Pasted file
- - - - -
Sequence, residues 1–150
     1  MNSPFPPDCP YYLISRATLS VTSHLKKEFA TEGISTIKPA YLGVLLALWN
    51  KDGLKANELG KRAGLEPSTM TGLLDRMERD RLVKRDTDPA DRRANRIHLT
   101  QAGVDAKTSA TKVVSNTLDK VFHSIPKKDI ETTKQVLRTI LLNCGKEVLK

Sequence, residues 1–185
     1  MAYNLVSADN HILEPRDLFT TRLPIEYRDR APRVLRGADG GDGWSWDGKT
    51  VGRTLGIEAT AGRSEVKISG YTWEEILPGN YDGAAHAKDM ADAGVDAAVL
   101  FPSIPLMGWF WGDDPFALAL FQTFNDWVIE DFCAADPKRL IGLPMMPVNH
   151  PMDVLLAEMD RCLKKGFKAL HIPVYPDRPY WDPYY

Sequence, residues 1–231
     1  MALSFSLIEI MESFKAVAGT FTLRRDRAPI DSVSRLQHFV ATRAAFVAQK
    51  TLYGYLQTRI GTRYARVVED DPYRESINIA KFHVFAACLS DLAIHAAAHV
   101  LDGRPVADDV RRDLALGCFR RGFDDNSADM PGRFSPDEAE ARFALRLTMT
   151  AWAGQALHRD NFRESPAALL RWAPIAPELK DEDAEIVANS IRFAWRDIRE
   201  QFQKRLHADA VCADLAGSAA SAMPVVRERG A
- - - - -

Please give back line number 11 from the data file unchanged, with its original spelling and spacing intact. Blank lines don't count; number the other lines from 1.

     1  MALSFSLIEI MESFKAVAGT FTLRRDRAPI DSVSRLQHFV ATRAAFVAQK